Bank of England Monthly Statistics: May Overview

The Bank of England’s monthly statistics for May provide detailed insights into the trends and developments in borrowing and deposits by households and businesses. These statistics are crucial for understanding the broader economic conditions in the UK.

Key Highlights

  1. Mortgage Lending and Approvals
    • Net Mortgage Repayments: Individuals repaid a net £0.1 billion of mortgage debt in May, a significant decrease from the record £1.5 billion net repayments in April.
    • Gross Lending and Repayments: Gross lending rose from £16.4 billion in April to £18.7 billion in May, while gross repayments slightly increased from £18.6 billion to £18.9 billion.
    • Mortgage Approvals: Net approvals for house purchases rose to 50,500 from 49,000 in April. Approvals for remortgaging increased to 33,600 from 32,500.
    • Interest Rates: The effective interest rate on newly drawn mortgages increased by 10 basis points to 4.56%. The rate on outstanding mortgages rose from 2.75% to 2.82%.
  2. Consumer Credit
    • Net Borrowing: Net borrowing on consumer credit decreased from £1.5 billion in April to £1.1 billion in May. This included £0.6 billion on credit cards and £0.5 billion through other forms of consumer credit.
    • Annual Growth Rates: The annual growth rate for all consumer credit slightly decreased to 7.5% from 7.6%, and for credit card borrowing, it fell to 12.4% from 12.7%.
    • Interest Rates: The effective interest rate on interest-charging overdrafts fell from 21.86% to 21.78%. Rates on new personal loans slightly decreased to 8.27%, while interest-bearing credit cards saw a record high rate of 20.44%.
  3. Household Deposits
    • Withdrawals: Households withdrew a net £4.6 billion from banks and building societies, marking the highest level of withdrawals on record since October 1997. Withdrawals from interest-bearing sight deposits surged to £11.4 billion.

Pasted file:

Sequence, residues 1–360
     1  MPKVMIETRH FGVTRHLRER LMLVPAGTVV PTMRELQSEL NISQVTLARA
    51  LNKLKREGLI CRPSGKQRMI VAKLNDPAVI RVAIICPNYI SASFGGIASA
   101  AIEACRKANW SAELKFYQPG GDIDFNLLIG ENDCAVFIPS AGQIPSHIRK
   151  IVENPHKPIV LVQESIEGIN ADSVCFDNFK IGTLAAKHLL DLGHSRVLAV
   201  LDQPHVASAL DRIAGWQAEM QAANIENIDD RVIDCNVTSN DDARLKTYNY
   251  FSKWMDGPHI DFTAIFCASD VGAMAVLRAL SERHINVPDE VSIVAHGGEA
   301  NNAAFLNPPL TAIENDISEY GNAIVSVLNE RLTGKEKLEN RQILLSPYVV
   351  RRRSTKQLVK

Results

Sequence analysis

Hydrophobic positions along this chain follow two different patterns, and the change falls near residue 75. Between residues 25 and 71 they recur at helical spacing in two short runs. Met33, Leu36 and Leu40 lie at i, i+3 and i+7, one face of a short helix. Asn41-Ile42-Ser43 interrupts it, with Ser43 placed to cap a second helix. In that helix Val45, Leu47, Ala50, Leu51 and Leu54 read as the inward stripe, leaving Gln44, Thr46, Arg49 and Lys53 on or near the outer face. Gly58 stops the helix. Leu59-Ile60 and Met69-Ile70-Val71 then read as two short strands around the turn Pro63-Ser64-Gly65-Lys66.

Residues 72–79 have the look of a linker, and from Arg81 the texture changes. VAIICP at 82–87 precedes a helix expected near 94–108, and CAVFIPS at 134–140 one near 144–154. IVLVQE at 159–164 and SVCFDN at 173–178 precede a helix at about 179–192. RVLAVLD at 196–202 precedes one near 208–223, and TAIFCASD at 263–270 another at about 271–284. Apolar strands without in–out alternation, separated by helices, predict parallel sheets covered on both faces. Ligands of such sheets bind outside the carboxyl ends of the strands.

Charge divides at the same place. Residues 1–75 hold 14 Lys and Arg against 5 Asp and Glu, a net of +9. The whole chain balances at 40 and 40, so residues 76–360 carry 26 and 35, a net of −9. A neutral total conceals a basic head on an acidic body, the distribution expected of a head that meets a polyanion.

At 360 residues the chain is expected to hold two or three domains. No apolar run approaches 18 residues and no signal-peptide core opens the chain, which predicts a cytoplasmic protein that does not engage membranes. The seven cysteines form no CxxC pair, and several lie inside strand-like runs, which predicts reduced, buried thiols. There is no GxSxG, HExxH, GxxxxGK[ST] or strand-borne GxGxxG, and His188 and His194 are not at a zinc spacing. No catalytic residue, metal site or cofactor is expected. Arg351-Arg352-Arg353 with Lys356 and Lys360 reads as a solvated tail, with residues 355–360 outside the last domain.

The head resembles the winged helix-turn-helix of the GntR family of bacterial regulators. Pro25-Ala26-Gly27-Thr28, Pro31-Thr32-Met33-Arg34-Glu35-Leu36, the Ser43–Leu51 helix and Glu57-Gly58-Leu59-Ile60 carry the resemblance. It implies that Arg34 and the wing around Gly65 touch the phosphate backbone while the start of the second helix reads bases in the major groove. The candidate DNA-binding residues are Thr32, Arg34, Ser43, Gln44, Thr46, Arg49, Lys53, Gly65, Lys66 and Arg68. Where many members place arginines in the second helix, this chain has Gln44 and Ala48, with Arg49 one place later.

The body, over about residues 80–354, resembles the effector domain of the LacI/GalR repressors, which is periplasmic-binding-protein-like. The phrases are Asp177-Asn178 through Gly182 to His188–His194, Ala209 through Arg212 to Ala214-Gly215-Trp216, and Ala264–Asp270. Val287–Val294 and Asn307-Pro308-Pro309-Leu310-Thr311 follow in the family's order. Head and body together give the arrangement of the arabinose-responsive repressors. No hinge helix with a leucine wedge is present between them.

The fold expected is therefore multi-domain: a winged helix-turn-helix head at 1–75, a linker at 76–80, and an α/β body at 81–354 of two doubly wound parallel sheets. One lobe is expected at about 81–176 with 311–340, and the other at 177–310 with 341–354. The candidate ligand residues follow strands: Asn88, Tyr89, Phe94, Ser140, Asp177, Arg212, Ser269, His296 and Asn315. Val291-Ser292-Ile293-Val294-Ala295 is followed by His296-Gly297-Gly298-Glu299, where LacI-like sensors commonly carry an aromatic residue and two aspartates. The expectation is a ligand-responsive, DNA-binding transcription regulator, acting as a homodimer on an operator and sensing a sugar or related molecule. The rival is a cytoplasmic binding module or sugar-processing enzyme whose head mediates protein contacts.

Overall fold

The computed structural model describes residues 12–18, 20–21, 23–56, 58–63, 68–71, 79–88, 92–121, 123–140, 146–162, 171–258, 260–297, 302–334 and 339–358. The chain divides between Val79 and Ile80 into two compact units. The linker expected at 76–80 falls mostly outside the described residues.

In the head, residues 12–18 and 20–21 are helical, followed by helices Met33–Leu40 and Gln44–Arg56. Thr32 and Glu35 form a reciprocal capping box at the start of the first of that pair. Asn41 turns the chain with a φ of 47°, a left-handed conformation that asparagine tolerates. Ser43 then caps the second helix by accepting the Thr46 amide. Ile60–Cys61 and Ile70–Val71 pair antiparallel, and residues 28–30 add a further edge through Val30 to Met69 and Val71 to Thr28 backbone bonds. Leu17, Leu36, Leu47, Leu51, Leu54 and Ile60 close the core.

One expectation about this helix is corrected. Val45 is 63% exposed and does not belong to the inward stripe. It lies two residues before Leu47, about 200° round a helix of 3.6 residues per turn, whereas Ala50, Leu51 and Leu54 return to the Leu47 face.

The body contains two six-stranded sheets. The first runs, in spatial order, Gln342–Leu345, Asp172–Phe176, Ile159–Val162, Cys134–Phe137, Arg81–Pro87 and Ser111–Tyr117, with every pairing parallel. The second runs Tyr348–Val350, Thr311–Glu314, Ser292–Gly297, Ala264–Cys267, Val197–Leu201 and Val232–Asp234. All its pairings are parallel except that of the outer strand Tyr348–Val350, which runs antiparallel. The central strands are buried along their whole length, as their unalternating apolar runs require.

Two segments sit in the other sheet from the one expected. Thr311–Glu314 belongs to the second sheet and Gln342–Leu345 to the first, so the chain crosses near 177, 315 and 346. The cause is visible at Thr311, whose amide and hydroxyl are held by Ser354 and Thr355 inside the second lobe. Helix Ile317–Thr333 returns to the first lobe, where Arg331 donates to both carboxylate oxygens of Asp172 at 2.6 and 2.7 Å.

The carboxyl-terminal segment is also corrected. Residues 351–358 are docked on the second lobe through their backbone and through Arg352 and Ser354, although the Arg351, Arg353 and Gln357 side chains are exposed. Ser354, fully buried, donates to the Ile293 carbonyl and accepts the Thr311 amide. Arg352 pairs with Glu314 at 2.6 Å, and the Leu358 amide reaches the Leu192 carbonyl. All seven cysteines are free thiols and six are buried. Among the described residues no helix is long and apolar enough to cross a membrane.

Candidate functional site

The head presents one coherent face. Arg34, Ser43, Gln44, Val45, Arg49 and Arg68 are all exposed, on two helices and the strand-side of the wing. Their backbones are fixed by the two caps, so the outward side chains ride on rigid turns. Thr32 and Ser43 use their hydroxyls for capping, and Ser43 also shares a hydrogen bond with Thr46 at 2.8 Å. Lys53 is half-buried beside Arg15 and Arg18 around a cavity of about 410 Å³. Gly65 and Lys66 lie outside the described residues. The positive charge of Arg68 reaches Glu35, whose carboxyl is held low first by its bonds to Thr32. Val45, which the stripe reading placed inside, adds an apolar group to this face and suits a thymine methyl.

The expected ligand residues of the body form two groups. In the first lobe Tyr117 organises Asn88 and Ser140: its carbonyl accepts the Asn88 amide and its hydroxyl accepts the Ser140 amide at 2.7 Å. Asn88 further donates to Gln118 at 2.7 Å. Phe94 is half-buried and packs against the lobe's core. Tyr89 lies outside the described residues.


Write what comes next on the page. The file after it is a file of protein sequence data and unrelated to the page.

• Deposits: Despite significant withdrawals, time deposits saw net inflows of £4.9 billion, and ISAs had a net inflow of £3.3 billion.
    • Interest Rates: The effective interest rate on new time deposits rose to 3.95%, while the rate on outstanding time deposits increased to 2.56%. The rate on stock sight deposits dropped to 1.33%.
  4. Business Borrowing and Deposits
    • Bank Loans: UK non-financial businesses repaid a net £0.6 billion in bank and building society loans. Net borrowing by large non-financial businesses decreased to £0.4 billion, while SMEs repaid £1.0 billion.
    • Interest Rates: The effective interest rate on new borrowing for large businesses rose to 6.32%, and for SMEs, it increased to 6.86%.
    • Market Finance: Private non-financial companies (PNFCs) made net repayments of £1.6 billion in market finance, including £2.4 billion in equity buybacks.
    • Deposits: UK non-financial businesses deposited £9.8 billion with banks and building societies, the first net deposits since August 2022. The effective rate on new time deposits increased to 3.94%.
  5. Aggregate Money and Lending
    • Sterling Money (M4ex): The net flow of sterling money decreased to -£4.6 billion, driven primarily by household withdrawals.
    • Sterling Net Lending (M4Lex): The flow of sterling net lending to private sector companies and households rose from -£1.0 billion in April to £0.9 billion in May.

Summary

The data from May indicates a mix of trends:

  • Households: While there was a significant net repayment of mortgage debt, gross lending increased. Consumer credit borrowing decreased, and households made substantial withdrawals from banks, especially from interest-bearing sight deposits.
  • Businesses: Both large businesses and SMEs experienced rising borrowing costs, with net repayments in loans and significant market finance repayments. However, businesses made substantial net deposits, indicating some financial resilience.
  • Interest Rates: Interest rates for both households and businesses are on the rise, reflecting tighter monetary conditions.

These statistics highlight the ongoing adjustments in the UK economy, with rising interest rates impacting borrowing and deposit behaviors of households and businesses

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